PhD student Erik Benson, Department of Medical Biochemistry and Biophysics (MBB), Karolinska Institutet, Sweden, will be visiting Gothelf lab on Mar 1-3 2017.
Erik Benson is working in the research group of assoc. prof. Björn Högbergs and Benson is i.a. the first author on a paper published in Nature in July 2015 (“DNA rendering of polyhedral meshes at the nanoscale”): http://www.nature.com/nature/journal/v523/n7561/full/nature14586.html
Specialized iNANO Lecture:
On Monday, Feb 27, at 14:15PhD student Erik Benson will give a Specialized iNANO Lecture in INANO Auditorium (1593-012):
Titel: Wireframe DNA nanostructures
Wireframe design is widely used in macroscopic construction as it offers superior strength to weight ratio compared to solid beams. In the last decade DNA origami has been established as a robust method for production of two and three dimensional objects at the nanoscale. We recently developed software tools for designing DNA origami structures from arbitrary wireframe meshes. The software consists of a routing algorithm for finding the path of the scaffold strand through the structure and vHelix, a plug-in for Autodesk Maya that allows for direct 3D design and editing of DNA nanostructures.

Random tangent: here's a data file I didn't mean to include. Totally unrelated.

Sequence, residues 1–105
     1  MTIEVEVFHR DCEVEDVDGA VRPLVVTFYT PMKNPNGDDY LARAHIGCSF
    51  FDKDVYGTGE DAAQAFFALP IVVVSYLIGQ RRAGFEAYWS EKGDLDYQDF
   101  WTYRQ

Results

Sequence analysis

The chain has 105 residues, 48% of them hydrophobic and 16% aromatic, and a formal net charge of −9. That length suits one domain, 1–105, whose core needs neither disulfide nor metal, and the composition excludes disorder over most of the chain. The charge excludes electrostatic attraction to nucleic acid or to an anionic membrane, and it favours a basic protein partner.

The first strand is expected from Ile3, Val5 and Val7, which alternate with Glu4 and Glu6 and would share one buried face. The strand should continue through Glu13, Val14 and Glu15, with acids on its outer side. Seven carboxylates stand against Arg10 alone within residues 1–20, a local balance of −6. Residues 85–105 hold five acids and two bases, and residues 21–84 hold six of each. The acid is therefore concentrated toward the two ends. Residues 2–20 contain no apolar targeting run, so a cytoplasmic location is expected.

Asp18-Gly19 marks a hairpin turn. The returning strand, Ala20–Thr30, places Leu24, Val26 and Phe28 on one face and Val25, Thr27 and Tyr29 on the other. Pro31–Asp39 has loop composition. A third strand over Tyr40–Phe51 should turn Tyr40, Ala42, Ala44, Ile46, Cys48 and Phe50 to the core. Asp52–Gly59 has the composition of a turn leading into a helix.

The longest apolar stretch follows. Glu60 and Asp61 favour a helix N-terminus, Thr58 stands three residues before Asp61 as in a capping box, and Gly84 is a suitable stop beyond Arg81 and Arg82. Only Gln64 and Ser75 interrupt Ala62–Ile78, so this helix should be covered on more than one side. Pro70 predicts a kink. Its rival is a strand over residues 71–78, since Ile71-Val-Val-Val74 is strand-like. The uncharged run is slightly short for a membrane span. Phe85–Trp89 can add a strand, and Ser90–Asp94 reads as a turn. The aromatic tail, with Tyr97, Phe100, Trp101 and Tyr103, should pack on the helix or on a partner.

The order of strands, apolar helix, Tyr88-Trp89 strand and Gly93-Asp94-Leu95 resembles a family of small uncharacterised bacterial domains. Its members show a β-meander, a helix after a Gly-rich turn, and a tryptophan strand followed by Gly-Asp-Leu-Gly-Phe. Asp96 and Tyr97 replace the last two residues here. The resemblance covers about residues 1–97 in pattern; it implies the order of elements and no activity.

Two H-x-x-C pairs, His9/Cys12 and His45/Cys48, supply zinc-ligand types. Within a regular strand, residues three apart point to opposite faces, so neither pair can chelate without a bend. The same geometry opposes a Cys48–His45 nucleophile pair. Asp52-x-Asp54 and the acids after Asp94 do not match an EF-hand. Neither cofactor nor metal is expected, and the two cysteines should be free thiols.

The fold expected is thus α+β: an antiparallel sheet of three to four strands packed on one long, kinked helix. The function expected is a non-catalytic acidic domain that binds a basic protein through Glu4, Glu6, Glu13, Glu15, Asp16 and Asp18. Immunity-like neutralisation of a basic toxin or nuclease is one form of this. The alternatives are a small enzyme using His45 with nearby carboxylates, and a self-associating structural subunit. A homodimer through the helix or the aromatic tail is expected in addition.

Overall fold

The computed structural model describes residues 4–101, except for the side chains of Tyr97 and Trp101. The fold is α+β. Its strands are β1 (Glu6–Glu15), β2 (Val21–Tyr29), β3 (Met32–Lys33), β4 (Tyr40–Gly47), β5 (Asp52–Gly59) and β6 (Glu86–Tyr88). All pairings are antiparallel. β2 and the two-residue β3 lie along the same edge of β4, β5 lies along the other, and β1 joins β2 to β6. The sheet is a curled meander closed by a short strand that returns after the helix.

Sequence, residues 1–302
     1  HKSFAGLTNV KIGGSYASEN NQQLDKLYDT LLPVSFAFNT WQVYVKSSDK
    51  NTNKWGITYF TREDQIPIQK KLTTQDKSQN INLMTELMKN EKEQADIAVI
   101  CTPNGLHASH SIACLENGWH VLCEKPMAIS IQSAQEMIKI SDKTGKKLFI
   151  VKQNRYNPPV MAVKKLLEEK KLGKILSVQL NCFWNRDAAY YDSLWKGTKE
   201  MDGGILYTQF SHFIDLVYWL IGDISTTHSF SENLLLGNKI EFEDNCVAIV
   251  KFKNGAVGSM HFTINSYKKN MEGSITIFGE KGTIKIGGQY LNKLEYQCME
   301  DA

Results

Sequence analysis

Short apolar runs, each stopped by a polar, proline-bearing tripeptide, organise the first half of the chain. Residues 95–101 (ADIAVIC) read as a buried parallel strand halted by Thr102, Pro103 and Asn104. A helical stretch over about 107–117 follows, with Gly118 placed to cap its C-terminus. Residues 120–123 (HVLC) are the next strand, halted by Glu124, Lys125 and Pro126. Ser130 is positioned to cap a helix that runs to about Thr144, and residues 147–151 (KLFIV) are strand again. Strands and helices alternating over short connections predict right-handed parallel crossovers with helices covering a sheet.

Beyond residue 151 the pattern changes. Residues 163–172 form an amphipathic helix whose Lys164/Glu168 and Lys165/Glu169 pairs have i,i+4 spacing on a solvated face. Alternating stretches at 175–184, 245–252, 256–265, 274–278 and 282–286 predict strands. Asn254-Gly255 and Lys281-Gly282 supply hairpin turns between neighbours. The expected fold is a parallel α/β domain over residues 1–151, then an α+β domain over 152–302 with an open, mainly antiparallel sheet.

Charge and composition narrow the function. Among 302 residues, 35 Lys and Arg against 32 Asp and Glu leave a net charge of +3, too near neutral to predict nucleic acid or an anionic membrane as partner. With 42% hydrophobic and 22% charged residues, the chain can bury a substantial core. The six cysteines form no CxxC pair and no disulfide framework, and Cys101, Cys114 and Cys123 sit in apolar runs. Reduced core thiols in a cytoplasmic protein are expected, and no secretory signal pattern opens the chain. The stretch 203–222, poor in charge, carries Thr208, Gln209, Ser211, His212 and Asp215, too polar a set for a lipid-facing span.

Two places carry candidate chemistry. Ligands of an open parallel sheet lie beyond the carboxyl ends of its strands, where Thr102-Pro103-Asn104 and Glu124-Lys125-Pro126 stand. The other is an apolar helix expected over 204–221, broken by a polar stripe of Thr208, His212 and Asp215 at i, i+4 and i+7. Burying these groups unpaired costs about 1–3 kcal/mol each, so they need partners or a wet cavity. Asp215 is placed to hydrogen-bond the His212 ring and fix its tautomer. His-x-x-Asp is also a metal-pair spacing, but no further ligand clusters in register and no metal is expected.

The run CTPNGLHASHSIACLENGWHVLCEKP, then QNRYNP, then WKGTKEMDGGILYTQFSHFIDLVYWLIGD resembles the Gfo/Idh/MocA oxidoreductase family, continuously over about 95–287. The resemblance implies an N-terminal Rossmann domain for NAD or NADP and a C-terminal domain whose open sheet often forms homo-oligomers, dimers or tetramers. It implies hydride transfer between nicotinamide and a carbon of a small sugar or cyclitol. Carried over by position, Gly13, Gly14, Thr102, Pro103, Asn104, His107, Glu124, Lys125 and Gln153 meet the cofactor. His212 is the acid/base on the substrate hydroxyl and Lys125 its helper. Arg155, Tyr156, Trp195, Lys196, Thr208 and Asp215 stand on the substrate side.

We demonstrate this by producing multiple 2D and 3D structures from wireframe meshes and characterize them with AFM, TEM and cryo-tomography, revealing both 3D shape and internal mesh features. In addition to the structural capabilities, we demonstrate that this DNA origami design paradigm, in contrast to previous variants, yields structures that are stable in salt conditions that are commonly used in biological assays. We also find that 2D structures designed by this method cover around 70% more area than classic DNA origami designs.
Host: Professor Kurt V. Gothelf, iNANO & Department of Chemistry, Aarhus University